The Candid Voice in Retail Technology: Objective Insights, Pragmatic Advice

Retailers’ Top 3 Omni-Channel Investments In 2017

RSR just published our annual benchmark on retailers’ omni-channel strategies. We found renewed optimism in omni-channel, but a tendency to discount strategies that leveraged digital – digital presence, digital insights, digital engagement – in favor of a focus on stores. Did that translate to their technology investment plans for the year ahead?

The short answer is mostly no. Retailers may not have been using the term “omni-channel” for the last 10 years, but they have certainly been making investments to help them better present one face to the customer for at least that long. Which means that a lot of their “core” omni-channel technologies are getting a little long in the tooth, and retailers’ businesses and their understanding of what omni-channel means to them have changed enough that it is time to re-evaluate what they have to make sure their technology investments are still hitting the mark.

Unfortunately, for large pluralities of retailers, they are finding that their existing systems need to change. The top 3 places retailers plan to invest in omni-channel technologies:

  • Distributed Order Management – 46% planning a change, 14% with net-new budgeted projects
  • Enterprise Content Management – 42% planning a change, 17% with net-new budgeted projects
  • Enterprise Wide Inventory Visibility – 37% planning a change, 19% with net-new budgeted projects
  • Bonus net-new investment: Enterprise cross-channel analytics – 25% with budgeted projects (the highest response for budgeted projects), 32% planning a change.

Enterprise-wide inventory visibility is probably the least surprising investment listed above, mostly because retailers do such a poor job maintaining inventory visibility today, and because ship from store and other cross-channel modes of save the sale are sending inventory all over the place, with little reckoning by retailers as to the cost of such efforts. I’ve come to suspect that retailers are so bad about inventory visibility in part because they don’t have a strong definition of the term – inventory visibility means something different to a merchandiser than it does to a store employee, and just putting the blanket term “Enterprise-wide” on it doesn’t go far enough to get internal organizations talking about what they really need, how “real-time” they need it, or how often they need it. I think without those discussions, retailers will continue to make very little progress no matter how much money they spend.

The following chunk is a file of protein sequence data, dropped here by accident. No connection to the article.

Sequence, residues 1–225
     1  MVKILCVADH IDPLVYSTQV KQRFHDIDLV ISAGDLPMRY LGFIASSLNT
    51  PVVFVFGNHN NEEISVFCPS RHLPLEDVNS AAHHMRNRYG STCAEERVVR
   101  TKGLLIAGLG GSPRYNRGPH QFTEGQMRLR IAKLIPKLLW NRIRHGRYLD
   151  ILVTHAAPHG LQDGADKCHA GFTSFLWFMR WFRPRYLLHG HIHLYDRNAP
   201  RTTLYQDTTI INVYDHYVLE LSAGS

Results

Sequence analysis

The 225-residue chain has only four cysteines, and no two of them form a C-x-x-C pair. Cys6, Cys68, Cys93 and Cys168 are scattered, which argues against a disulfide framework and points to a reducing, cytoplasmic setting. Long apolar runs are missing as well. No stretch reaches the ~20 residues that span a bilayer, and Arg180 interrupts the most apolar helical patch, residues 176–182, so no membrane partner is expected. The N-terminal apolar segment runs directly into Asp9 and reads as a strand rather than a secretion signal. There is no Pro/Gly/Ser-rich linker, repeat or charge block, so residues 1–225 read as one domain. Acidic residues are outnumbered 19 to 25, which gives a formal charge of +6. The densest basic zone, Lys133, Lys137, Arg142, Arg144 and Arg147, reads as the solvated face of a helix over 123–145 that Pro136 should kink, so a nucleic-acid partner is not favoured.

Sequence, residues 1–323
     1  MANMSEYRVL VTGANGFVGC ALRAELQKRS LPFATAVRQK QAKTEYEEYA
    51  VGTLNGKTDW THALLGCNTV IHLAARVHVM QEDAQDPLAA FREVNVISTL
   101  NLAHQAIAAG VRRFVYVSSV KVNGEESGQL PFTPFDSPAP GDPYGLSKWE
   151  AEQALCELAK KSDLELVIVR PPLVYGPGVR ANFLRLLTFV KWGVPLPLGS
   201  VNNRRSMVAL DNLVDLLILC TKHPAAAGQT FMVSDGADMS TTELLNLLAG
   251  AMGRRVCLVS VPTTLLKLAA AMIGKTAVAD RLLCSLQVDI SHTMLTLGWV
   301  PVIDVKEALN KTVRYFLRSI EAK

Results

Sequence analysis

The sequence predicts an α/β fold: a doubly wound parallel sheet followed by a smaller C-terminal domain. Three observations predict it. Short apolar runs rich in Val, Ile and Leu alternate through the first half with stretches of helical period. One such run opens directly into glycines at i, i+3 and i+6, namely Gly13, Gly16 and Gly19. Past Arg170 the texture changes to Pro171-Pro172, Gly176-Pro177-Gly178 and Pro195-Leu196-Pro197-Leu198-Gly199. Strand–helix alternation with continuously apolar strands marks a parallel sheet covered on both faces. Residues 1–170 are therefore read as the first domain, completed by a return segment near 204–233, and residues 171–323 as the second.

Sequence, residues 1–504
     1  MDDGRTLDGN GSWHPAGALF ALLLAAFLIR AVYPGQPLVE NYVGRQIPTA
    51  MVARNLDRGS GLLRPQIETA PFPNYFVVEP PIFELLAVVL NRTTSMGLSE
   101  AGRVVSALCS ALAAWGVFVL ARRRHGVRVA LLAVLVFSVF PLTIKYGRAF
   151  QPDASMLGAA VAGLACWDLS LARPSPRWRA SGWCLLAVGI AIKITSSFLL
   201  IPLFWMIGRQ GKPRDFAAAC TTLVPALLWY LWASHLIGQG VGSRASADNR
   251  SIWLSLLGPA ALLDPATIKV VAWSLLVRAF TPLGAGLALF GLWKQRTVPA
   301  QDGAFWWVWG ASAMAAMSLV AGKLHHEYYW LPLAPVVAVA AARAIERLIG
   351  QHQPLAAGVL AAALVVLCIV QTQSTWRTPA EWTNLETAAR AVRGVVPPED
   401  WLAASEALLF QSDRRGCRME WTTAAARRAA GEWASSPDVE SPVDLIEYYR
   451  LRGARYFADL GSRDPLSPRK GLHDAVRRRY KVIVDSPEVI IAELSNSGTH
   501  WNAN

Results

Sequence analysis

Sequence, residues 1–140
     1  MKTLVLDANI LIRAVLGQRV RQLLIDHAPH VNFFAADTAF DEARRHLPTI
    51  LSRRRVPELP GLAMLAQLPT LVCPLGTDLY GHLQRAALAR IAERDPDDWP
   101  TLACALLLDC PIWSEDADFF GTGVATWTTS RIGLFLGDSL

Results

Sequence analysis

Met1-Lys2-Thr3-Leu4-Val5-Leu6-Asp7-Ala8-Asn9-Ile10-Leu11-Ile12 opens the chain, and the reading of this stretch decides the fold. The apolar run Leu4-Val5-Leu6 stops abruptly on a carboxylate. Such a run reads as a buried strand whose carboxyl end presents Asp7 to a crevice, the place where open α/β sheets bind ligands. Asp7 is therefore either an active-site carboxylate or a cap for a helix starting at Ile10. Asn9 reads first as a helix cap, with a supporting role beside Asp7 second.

Of all the top areas for investment, enterprise content management is probably the most digital. Content management systems have evolved significantly to incorporate both product and marketing needs, and may yet evolve again to include capabilities like managing user-generated content that is posted on social media channels. If retailers are approaching this capability from the product side, it’s not surprising that there is a large contingent of respondents who are looking to change what they have. But if they are including digital capabilities in their evaluation, then it doesn’t speak well to their current investments, which should not be that old, that they are already looking for change.

A replacement cycle for distributed order management seems inevitable, and it appears that survey respondents feel the same way. DOM unfortunately has a reputation for being a long, difficult implementation, in part because it requires a lot of integration work and tends to uncover big process issues along the way – like the kinds of process gaps that create problems for inventory visibility. I’m pretty sure retailers have or will try to put this off for as long as they can, just because they don’t want to get back into all of that integration mess. But the fact is, DOM has evolved significantly over the last few years, especially if you include store capabilities that drive ship from store and other cross-channel save the sale activities. If retailers have implemented their DOMs in such a way that it’s not easy for them to take advantage of these new capabilities, then of course a replacement cycle must come – they can’t afford to lose that much control over their inventory just to save the sale.

And then there is the new kid on the block, enterprise cross-channel analytics. All of the other technologies are mostly driven by replacement cycles. At first glance it would appear that enterprise cross-channel analytics is in the same boat. However, retailers don’t really buy “cross-channel analytics”. What they do buy is enterprise analytics that can also look across channels. Retailers who have implemented analytics in such a way that they are looking at siloes only and maybe aggregating only financial data if anything, will find themselves stuck with their current solutions. The fact that a quarter of respondents felt that they need specifically to implement cross-channel analytics probably gives me the most hope out of this report for retailers’ omni-channel futures – because the most frustrating gap we found was retailers’ inability to tie digital insights to larger business decisions. If they can’t figure that out, I don’t know how they think they’re going to succeed with omni-channel shoppers.

This is just a sample of the things we learned from our omni-channel report – you can check out the whole thing here.

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Articles & Opinions October 18, 2016
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